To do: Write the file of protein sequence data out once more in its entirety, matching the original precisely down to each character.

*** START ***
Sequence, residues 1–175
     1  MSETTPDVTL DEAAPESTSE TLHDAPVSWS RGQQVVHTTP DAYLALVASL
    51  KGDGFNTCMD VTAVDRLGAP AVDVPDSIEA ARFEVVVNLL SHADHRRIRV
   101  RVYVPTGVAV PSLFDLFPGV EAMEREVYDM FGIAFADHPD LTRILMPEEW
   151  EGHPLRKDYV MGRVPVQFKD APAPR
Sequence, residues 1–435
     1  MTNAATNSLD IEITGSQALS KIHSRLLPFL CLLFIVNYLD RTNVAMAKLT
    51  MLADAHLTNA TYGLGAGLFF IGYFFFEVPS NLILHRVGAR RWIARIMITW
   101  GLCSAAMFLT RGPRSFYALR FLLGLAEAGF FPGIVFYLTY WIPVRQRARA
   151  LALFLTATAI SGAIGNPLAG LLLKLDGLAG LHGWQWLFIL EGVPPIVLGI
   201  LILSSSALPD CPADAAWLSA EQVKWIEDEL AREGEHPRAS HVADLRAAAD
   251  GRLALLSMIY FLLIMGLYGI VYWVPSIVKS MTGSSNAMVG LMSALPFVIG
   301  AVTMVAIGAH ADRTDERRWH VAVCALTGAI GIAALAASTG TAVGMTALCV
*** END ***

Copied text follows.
Sequence, residues 1–175
     1  MSETTPDVTL DEAAPESTSE TLHDAPVSWS RGQQVVHTTP DAYLALVASL
    51  KGDGFNTCMD VTAVDRLGAP AVDVPDSIEA ARFEVVVNLL SHADHRRIRV
   101  RVYVPTGVAV PSLFDLFPGV EAMEREVYDM FGIAFADHPD LTRILMPEEW
   151  EGHPLRKDYV MGRVPVQFKD APAPR
Sequence, residues 1–435
     1  MTNAATNSLD IEITGSQALS KIHSRLLPFL CLLFIVNYLD RTNVAMAKLT
    51  MLADAHLTNA TYGLGAGLFF IGYFFFEVPS NLILHRVGAR RWIARIMITW
   101  GLCSAAMFLT RGPRSFYALR FLLGLAEAGF FPGIVFYLTY WIPVRQRARA
   151  LALFLTATAI SGAIGNPLAG LLLKLDGLAG LHGWQWLFIL EGVPPIVLGI
   201  LILSSSALPD CPADAAWLSA EQVKWIEDEL AREGEHPRAS HVADLRAAAD
   251  GRLALLSMIY FLLIMGLYGI VYWVPSIVKS MTGSSNAMVG LMSALPFVIG
   301  AVTMVAIGAH ADRTDERRWH VAVCALTGAI GIAALAASTG TAVGMTALCV